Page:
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Stats+Primer - A critical reader's brief guide to...

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1 A critical reader's brief guide to statistics Gregory S. Gilbert Environmental Studies, UC Santa Cruz Statistics are simply formal, mathematical ways to (1) DESCRIBE observations about groups of things (e.g., to describe the size of a population of animals), and to (2) TEST for trends, patterns, or differences among groups. (e.g., to see if plants grow larger as soils become more fertile (a trend) or to see if more rats died after eating a particular chemical than after eating a placebo (a difference)). Let’s say we want to describe the frog population in Walden Pond. We go out and catch 60 frogs and weigh them (Table 1). Some frogs are bigger, some smaller. We can illustrate the variability in the population looking at the frequency DISTRIBUTION of the frog’s weights (Table 2) and making a graph (Figure 1). This is usually a frequency graph, or histogram, showing the number of frogs in each weight class (a weight class might be all the frogs from 0-0.4 g, or from 2.0- 2.4 g, and so on) distribution, that is, the population will tend to have most of its members clustered around some particular weight, with some a little heavier and some a little lighter, and even fewer much heavier or much lighter. We can describe this central tendency in several ways. One common statistic is the MEDIAN - this is the value where one half (50%) of the frogs are heavier and 50% of the frogs are lighter (median =1.8 g). Another common statistic is the MEAN (in common usage often called the average). The mean is calculated by adding up the weights of all the frogs and dividing by the number of frogs (mean = 1.75 g). This can be thought of as the weight of the “typical” frog. When the distribution of the population approximates a bell-shaped (“normal”) curve, the median and the mean are very similar. Sometimes the distribution has a longer tail in one direction than the other - in these cases the median and mean can be very different. But the weight of the “typical” frog is only part of the useful information. We also want to know how variable the population is. One measure of the spread of the distribution is the VARIANCE , which is a measure of how far away the members of the population are from the mean. The square Table 1. Weights of Table 2. Frequency frogs in Walden pond. of weights of frogs. Frog # Weight (g) Weight class (g) Num. of frogs 1 2.1 0-0.4 2 2 3.0 0.4-0.8 3 3 1.8 0.8-1.2 7 4 2.5 1.2-1.6 11 5 3.2 1.6-2.0 15 6 1.4 2.0-2.4 10 7 1.8 2.4-2.8 8 . . 2.8-3.2 4 . . . . 57 2.5 58 2.2 59 1.9 60 3.1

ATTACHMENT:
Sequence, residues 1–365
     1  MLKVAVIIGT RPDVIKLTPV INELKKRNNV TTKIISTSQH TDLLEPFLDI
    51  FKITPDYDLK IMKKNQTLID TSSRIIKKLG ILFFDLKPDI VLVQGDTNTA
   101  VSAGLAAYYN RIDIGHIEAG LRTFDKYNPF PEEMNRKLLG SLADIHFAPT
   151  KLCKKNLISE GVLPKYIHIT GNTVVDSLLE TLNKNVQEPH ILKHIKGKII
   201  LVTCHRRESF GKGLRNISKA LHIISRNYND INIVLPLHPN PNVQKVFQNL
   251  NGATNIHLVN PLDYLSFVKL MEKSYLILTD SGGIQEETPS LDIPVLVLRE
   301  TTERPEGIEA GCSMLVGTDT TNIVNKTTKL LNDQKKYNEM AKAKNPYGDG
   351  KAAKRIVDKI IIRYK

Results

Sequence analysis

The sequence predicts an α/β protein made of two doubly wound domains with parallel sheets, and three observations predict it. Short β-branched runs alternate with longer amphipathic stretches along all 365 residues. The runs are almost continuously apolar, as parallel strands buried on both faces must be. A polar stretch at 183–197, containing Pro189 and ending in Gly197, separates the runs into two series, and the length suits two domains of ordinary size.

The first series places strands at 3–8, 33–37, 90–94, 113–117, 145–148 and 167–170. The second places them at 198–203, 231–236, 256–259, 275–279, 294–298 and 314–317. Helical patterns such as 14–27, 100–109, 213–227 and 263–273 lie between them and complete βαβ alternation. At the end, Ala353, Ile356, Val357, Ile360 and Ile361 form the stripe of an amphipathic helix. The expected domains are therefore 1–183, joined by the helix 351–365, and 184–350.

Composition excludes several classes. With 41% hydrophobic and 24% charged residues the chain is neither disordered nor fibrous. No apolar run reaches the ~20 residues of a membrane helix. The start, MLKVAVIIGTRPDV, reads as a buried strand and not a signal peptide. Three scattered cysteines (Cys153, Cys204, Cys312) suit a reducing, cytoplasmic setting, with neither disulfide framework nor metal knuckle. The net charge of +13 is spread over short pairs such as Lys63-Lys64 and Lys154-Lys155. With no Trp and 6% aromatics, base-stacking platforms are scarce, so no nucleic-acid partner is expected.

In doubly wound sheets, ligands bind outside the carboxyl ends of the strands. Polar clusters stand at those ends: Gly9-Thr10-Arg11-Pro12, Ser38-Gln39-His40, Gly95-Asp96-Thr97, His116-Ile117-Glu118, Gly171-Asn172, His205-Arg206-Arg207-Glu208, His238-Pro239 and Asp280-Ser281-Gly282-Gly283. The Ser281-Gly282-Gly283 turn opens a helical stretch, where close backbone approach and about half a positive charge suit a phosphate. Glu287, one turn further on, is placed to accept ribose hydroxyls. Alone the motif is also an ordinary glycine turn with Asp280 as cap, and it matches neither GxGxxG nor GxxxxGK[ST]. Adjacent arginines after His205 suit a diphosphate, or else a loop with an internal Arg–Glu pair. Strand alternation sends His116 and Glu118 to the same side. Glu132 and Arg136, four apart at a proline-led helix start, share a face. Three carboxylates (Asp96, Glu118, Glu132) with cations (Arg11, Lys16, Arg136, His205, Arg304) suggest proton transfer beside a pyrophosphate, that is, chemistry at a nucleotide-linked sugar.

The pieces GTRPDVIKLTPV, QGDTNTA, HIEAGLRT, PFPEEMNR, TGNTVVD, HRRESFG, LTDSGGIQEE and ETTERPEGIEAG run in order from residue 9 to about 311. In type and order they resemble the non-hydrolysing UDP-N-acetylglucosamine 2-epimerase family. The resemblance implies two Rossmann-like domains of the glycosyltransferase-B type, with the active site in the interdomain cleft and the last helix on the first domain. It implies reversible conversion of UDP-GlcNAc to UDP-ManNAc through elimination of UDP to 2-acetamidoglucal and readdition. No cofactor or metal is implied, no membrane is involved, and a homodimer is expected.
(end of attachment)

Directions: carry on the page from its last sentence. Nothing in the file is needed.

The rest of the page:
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2 Fig. 2. Number of frogs by weight class in Walden and Crystal Ponds ( N =60 in each). root of the variance is called the STANDARD DEVIATION , and is very often presented along with the mean (and the sample size, n , (number of frogs caught)) to describe the population (mean = 1.75 ± 0.7 g, n =60. Translation: Of the 60 frogs measured, the mean frog weighed 1.75 grams, with a variation (standard deviation) around that mean of 0.7 g).
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